Where a company is in several businesses, the responsibilities of the board is to monitor the company's performance in each of those businesses or at least the more significant businesses and not be satisfied simply by following the financial performance of the company as a whole. This requires access to and understanding of a great deal of competitive data and some real digging if there are indications that in one or more areas of the business the company is a distinct under-performer. Since corporate management is generally not terribly anxious to come forward with information indicating that its performance is sub par in some areas of its business, normally there will either have to be a process in place by which all major elements of the business are periodically reviewed by the board, or the composition of the board is such that it has the necessary access and available time to monitor the performance of the company in its various aspects.
I have already referred to the subject of succession planning, particularly as it relates to the selection of a CEO. However, the current expectation is that the board's responsibilities go beyond the task of simply selecting the CEO. Today many companies have management development committees, typically composed of all outside directors, which are charged with the issue of succession planning. I can think of a situation in my industry where at one competitor company every senior executive of the company, including the CEO, retired within a period of less than 18 months. In this particular situation the retiring CEO had held the position for more than 20 years. While I was not, of course, privy to the discussions which took place at the board of this particular company during the few months prior to the CEO's retirement, one wonders why the board wasn't insistent on a more orderly process, one which would have afforded the board an opportunity to monitor the performance of a successor generation of senior operating executives before it was confronted with the task of selecting a new CEO.
There are also situations where a CEO or other senior executive is not as effective as he or she once was for various reasons, running the gamut from health to diminished energy, to simply lack of new ideas. This is, again, a situation where a board, regardless of their respect or affection for a particular individual, has a responsibility to the shareholders to insure that the leadership of the organization is vibrant, enthusiastic, and energized. Again, without careful observation and probing questions, this issue can be difficult to track when a director sees a senior executive only at board meetings a few or even several times a year. In some instances corporate boards have created this problem for themselves since they have put in place golden handcuffs which impose a significant financial penalty on an executive if he or she elects to retire early. Obviously, it would be far better for a company to facilitate or even encourage the process of early retirement for an executive who is devoid of new ideas or of energy to act on those ideas.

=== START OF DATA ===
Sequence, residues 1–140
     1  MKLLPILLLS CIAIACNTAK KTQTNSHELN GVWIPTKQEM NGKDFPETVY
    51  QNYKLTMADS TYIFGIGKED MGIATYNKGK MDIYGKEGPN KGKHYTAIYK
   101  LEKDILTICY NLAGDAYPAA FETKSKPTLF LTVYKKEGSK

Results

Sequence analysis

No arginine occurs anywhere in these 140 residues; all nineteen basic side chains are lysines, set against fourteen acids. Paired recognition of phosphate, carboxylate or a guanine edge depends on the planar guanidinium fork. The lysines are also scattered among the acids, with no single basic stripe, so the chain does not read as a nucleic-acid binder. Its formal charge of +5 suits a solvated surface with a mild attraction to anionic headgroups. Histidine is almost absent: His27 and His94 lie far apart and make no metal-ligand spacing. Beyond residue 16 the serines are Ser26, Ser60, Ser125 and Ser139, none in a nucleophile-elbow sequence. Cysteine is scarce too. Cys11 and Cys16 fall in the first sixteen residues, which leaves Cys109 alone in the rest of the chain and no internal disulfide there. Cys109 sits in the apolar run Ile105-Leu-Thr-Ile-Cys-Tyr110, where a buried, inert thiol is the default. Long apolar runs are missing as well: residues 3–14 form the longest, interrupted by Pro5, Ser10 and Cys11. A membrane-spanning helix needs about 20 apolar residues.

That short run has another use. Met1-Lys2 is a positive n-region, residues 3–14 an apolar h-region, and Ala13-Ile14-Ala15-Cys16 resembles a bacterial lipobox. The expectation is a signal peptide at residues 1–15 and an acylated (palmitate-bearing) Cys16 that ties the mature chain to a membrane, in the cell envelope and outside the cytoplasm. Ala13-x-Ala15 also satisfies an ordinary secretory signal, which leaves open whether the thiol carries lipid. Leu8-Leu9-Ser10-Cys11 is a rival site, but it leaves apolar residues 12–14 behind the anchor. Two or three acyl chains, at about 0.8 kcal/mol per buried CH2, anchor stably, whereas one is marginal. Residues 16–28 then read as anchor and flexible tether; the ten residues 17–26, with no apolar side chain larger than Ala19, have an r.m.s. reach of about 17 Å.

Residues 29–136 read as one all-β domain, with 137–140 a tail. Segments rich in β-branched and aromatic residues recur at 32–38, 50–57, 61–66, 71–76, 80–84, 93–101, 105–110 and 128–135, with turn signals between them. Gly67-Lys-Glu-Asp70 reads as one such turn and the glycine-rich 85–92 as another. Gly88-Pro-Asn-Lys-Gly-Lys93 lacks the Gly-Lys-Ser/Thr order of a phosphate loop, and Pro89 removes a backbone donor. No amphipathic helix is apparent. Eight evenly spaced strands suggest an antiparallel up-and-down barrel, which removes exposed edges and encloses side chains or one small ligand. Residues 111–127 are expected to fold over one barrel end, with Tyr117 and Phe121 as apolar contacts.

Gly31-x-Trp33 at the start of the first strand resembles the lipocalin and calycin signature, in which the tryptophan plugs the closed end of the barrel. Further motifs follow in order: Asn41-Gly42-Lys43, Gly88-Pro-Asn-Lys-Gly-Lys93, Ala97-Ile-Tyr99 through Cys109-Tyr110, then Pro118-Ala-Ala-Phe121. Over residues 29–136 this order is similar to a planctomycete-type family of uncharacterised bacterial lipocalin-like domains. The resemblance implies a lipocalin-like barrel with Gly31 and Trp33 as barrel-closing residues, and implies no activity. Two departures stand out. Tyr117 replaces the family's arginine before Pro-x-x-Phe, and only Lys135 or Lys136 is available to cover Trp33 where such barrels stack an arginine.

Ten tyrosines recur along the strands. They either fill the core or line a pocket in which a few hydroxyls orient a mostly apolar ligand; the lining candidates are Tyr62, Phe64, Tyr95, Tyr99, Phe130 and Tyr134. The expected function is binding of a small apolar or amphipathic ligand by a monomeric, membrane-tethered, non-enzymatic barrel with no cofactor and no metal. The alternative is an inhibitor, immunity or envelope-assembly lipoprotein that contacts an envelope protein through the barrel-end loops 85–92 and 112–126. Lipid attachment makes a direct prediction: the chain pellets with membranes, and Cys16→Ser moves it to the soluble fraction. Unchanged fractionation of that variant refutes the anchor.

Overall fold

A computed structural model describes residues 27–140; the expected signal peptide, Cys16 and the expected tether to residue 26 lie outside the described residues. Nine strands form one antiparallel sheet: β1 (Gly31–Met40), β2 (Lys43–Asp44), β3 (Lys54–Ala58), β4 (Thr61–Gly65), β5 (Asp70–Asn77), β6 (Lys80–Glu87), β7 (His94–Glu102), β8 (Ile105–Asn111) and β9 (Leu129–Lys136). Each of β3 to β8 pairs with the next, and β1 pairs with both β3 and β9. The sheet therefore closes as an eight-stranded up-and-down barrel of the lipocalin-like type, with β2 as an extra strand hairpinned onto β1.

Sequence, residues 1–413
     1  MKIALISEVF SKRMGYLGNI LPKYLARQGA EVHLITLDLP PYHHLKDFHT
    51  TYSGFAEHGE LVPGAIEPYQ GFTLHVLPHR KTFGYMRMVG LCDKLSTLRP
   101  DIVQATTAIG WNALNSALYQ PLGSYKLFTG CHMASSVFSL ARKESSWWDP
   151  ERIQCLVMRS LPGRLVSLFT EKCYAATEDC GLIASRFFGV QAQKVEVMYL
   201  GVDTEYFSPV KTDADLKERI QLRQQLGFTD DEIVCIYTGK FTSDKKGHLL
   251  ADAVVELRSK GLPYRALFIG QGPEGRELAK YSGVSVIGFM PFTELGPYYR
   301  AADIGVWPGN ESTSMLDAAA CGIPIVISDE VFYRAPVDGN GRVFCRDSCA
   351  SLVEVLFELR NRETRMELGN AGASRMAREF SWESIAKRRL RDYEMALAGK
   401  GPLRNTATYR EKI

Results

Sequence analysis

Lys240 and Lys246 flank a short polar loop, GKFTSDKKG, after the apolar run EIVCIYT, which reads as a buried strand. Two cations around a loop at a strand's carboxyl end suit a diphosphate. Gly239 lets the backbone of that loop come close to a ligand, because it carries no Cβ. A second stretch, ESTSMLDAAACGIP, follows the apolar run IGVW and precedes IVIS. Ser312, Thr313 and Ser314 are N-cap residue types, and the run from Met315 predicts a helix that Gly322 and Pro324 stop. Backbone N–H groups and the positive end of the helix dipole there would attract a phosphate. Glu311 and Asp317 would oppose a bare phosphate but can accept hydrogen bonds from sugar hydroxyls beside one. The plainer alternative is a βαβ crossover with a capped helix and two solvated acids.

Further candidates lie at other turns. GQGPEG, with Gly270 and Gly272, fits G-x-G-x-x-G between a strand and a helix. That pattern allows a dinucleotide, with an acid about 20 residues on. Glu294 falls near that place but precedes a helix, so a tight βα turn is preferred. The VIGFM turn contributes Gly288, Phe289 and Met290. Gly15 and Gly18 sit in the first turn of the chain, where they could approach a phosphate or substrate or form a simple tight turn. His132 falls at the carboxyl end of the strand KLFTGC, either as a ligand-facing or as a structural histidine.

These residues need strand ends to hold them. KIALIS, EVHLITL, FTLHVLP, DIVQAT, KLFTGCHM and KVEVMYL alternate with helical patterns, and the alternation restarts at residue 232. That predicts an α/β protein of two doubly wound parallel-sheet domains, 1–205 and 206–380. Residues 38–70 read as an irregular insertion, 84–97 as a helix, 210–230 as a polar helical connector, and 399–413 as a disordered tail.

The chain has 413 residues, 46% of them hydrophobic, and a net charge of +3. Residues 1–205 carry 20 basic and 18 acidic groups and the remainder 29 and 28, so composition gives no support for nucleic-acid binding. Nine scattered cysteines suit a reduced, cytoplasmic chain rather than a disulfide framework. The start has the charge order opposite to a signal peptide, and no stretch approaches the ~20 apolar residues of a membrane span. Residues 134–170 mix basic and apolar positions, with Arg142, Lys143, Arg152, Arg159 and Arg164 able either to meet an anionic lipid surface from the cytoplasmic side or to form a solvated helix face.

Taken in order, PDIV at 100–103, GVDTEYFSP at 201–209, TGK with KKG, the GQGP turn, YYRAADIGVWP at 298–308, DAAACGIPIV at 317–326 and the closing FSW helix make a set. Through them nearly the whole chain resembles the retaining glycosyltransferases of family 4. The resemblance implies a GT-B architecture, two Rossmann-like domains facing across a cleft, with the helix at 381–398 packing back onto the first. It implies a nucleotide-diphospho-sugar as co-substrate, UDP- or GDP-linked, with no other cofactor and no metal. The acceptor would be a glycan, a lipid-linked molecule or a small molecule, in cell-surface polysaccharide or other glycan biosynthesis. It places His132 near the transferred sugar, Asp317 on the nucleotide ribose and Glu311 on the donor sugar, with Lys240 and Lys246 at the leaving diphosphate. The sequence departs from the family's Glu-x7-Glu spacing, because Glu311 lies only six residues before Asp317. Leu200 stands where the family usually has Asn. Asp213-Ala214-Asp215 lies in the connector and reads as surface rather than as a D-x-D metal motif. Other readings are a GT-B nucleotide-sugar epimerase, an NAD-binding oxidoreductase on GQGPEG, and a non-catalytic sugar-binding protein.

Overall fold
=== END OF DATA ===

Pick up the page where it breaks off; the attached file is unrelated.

I believe that we are approaching a particularly critical time for American business and, indeed, business organizations around the world. It is much easier to be a CEO when the economy is good, prices are going up. Profits are improving, and the stock market is at record highs. Today there are many warning signs on the horizon that much or all of this may be about to change. We are all only too aware of the situation in Southeast Asia, Japan, China, Russia, Brazil and so forth. It is also an indisputable fact that the world economies are much more interlinked than they were just a decade or two ago. In this economic environment, a corporate board has to be especially vigilant that a company has contingency plans to deal with the various eventualities which might confront it.
We have all heard a great deal about Y2K, but that's only one issue. Many things will change very rapidly if we find ourselves in a deflationary environment. In a situation in which earnings are falling from quarter to quarter instead of rising, the expectations of shareholders as to what boards of directors should be doing will, if anything, be increased. In industries that are dependent upon exports or sensitive to imports, the currency devaluations that are taking place and are likely yet to take place may render large segments of American industry at least temporarily uncompetitive on world markets. This is a scenario in which directors will be faced with increasingly difficult decisions, where the interests of key stakeholder groups, employees or their unions, the communities in which facilities exist and employees work, and shareholders concerned about declining earning could well come into conflict.
I think it is likely that in the next few years boards will be asked to make or at least to concur in decisions that will require a great deal of thought and planning and a real strategic vision for the future. Only those individuals who are prepared to accept this role and the time necessary to discharge it should undertake what are likely to be the increasingly challenging responsibilities and tasks of the corporate director.
Mr. Melican is currently Executive Vice President for Legal and External Affairs at the International Paper Company. Mr. Melican is a graduate of Fordham College and the Harvard Law School, and also holds an M.B.A. from Michigan State University. This article is adapted from remarks given by Mr. Melican at the Federalist Society's Conference on Corporate Governance, held in New York City on September 18, 1998.